So you’ve got it all planned out to the end. Do you know how long it’s going to be, or do you have room to expand the story?
Nitz: There’s wiggle room.
Smallwood: We can add more to it, but I don’t know if we could take anything away from it.
Nitz: We can’t take anything away from it. I originally said I wanted to do 60 issues, because to me, when we came up in comics as fans, the great runs were 60 issues. Transmetropolitan is 60 issues, Y The Last Man is 60 issues, Preacher was 66 issues, and Chew is going to be 60 issues, and Scalped was 60 issues. These greater, more adult things like what we’re doing ran 60 issues, so that’s what we’re going to do. We’re going to emulate them. Then John Layman, who’s a very good friend of mine, the editor who gave me my very first job who does Chew, said ‘don’t do 60 issues.’ He’s like ‘if I knew then what I know now, I would not do 60 issues.’ He explained the economics of it, and also the creative economics of it – what you put in versus the return you get. Then Matt Kindt, who does Mind MGMT here at Dark Horse and is also a good friend of ours, said ‘oh, no, no, don’t do that. You’ll burn out on it so hard, and then you find yourself doing stories you didn’t really want to do because you’ve said 60 issues and put a flag on it. Tell the story and then get out.’ Now, after we’ve remapped it, I’d say it’s about 36. That’s still three years of monthly comics – and the way we do it, that’s like twelve years. It will still be a hefty tome at the end when all is said and done. If it’s less than that, if it’s more than that, eh. If we have to take a break for a while, if we have to come back to it, okay. He can’t draw Moon Knight and Dream Thief.
I have to ask about Moon Knight. I was a little worried that Warren Ellis was leaving, but if you’re coming on, I’m still there. You’re working with Brian Wood, and I’m a massive Massive fan. How’s that collaboration going?
Nitz: Two Dark Horse guys jumping on the book.
Smallwood: Jordie Bellaire is still staying on to color. I got to see some of her coloring already. It’s absolutely beautiful. I’m really thrilled with what she’s doing. I feel like we make a good team. We’re definitely not ignoring what Warren and Declan Shalvey did before. We’re just building on top of that and telling the stories in our style, but it’s still got that one-and-done storytelling style. I’ve only done the first issue, but I feel good about it.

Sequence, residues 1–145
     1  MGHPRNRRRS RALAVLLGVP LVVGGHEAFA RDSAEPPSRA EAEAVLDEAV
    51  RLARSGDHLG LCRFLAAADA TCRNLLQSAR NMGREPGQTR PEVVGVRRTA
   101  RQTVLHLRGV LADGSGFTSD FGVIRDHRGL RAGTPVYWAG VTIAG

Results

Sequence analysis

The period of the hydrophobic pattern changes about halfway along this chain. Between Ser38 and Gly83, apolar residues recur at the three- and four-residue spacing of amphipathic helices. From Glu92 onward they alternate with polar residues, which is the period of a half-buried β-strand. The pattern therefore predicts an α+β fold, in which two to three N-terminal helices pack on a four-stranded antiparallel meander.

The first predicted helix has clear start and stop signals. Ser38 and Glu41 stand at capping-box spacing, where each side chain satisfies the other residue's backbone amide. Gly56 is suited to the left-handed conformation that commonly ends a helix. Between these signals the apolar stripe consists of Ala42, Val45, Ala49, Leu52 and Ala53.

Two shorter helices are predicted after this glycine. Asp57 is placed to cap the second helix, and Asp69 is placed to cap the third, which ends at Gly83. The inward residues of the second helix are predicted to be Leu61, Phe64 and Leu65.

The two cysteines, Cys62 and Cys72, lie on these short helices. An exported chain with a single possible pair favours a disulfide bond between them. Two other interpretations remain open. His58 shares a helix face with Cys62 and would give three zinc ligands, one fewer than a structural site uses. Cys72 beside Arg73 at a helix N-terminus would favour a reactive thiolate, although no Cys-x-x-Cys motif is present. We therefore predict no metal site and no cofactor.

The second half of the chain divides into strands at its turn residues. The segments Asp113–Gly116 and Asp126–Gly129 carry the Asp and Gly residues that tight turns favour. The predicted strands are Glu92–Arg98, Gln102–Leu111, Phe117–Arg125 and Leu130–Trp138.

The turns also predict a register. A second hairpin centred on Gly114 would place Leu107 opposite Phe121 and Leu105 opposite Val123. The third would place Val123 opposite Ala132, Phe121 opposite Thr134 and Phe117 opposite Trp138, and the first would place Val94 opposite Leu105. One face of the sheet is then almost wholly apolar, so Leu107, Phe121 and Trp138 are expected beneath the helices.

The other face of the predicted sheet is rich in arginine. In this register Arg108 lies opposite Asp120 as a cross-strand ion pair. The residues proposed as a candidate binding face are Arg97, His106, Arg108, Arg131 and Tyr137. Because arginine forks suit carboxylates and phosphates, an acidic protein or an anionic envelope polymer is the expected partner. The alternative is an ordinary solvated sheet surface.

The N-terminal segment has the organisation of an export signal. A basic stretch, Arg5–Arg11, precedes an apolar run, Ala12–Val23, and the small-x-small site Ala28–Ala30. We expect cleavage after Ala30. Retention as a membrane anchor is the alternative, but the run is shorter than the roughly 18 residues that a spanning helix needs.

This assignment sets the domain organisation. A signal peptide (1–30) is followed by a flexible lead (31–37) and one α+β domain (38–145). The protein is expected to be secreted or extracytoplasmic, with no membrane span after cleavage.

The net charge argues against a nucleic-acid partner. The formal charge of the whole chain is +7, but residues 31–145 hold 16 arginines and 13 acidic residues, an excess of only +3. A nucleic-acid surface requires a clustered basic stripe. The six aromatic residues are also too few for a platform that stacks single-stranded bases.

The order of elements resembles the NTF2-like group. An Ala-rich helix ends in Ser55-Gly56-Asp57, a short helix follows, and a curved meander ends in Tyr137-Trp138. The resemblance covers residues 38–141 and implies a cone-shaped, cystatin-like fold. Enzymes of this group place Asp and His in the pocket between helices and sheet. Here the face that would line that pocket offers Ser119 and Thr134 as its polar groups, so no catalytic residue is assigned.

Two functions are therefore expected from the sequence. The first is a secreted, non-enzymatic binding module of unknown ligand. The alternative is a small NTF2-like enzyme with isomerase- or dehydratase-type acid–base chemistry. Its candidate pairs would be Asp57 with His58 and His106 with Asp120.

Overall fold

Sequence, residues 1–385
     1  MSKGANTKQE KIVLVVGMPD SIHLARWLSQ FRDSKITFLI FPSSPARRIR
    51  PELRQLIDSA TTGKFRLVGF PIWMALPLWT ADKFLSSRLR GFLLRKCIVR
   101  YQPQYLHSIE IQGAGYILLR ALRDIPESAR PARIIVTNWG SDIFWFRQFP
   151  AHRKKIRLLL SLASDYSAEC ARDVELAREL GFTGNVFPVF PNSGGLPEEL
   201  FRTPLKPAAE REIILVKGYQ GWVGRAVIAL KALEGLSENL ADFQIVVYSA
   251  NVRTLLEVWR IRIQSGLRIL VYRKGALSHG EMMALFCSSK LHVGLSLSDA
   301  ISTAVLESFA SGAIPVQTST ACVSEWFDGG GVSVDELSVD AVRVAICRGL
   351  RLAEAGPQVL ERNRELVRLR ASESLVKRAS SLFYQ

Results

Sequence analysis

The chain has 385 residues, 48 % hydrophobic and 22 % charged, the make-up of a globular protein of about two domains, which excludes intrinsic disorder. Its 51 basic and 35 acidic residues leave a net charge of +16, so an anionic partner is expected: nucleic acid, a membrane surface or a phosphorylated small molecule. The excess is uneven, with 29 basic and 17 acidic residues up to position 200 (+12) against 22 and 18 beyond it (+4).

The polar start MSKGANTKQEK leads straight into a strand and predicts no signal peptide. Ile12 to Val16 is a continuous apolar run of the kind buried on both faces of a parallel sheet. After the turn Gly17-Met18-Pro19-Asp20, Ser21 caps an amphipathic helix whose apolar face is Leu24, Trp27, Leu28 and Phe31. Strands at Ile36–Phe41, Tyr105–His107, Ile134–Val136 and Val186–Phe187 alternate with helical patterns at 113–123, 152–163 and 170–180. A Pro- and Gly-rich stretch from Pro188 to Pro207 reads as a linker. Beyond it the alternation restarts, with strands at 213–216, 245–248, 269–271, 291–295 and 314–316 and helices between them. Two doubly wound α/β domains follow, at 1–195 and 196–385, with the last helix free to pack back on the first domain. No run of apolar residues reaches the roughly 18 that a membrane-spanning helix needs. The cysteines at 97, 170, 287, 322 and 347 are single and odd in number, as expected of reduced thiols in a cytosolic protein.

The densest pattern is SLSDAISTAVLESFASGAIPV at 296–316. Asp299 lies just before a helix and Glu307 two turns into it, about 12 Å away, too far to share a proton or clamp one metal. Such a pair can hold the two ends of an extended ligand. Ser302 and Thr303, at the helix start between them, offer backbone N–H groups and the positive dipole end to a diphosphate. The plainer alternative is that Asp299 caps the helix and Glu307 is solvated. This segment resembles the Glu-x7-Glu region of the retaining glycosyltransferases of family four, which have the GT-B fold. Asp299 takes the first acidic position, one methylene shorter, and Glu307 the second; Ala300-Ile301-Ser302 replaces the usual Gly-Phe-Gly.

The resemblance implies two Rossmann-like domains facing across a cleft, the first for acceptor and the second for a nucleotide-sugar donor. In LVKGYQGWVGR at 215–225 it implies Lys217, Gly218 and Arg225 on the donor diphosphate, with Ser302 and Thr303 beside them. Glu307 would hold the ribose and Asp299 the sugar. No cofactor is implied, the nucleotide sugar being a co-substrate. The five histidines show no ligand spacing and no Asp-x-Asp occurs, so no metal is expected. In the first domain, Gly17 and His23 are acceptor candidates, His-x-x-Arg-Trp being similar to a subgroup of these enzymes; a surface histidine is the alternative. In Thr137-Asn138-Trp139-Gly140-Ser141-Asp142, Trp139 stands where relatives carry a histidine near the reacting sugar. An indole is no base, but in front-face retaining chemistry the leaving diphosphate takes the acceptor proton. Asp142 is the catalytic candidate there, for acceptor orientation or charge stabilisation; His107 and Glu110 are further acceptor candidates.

With the amount of white space you work with in Dream Thief, it seems like exactly the right fit with Moon Knight.
Smallwood: Yeah, yeah. When Nick Lowe contacted me about it, I didn’t know exactly what he had in mind when he said he had work for me at Marvel, but when he told me Moon Knight, I was absolutely thrilled. I don’t think he could have picked a better book for me.
Nitz: I think if he’d have said ‘it’s the Inhumans,’ he’d have gone ‘eeehhh…’
Smallwood: I would have taken the work, getting to work with Nick and Brian. If it was the same creative team, same editor, I would have done it, but getting to work on Moon Knight was pretty thrilling. What Declan and Jordie started allows for a lot of visual storytelling tricks that you can use with Moon Knight and that negative space that he’s got. I’m very excited by the possibilities.
Are there any troubles meeting the Marvel deadlines at all, given the discipline issues?
Smallwood: (laughs) Yeah, I’ll definitely need to work a little bit harder at meeting that monthly deadline.
Nitz: But he’s got a colorist now, so he’s not doing the pencils AND the colors and the letters.
Smallwood: We’re definitely not in sweating mode here, but yeah. I’m definitely feeling good about my prospects of eventually getting into that monthly grind. I don’t think it’ll be a problem at all.
Nitz: For all the work he has to do with Dream Thief, the line art, the pencil and ink, the colors and the letters – it’s like having to babysit three kids and a dog. Now he only has to babysit two kids, so it should be easier for him since these things are taken away, but I know him, and he’s just going to say ‘now I REALLY have to worry about the line art.’
Smallwood: I certainly felt a lot of pressure taking over. That book is just so critically acclaimed, people just absolutely love it. I didn’t want to drop the ball. I’ve always that you really need to wow people with that first issue. Every first issue that I do, I put as much effort into it as I can. I really try to make it sing, so that way I get them hooked and then they’re with me for the long haul.
Nitz: And then he can really get lazy.
Smallwood: Then I can slack off on all of the other issues, yeah! (laughs)
So what do you have coming down the pipeline to raise your profile like that, Jai?
Nitz: Right now, I can’t talk about any of them. So I’m not raising my profile at all! (laughs) The main stuff I’ve got going on right now is almost all Dark Horse stuff. Dream Thief is still coming out, Toshiro, my last original graphic novel, came out last June. I’m still very much pimping that because it’s an OGN, it’s evergreen, it’s not going anywhere. That’s the stuff I’m taking around – I’m doing, like, six conventions in the next nine weeks or something like that, and those are the things I’m taking with you. The business of comics is ‘what’s next, what’s next, what’s next,’ and for me, I’m like ‘this is it. I can give it to you NOW. Take it.’ I really still want to stump on the quality of stuff I’m doing at Dark Horse. I’m behind those books 100 percent, so that when my next thing comes out, I’m like ‘okay, remember how much I cared about that last book? I care about this book EVEN MORE!’ Rather that than contribute to the cycle of ‘next, next, next!’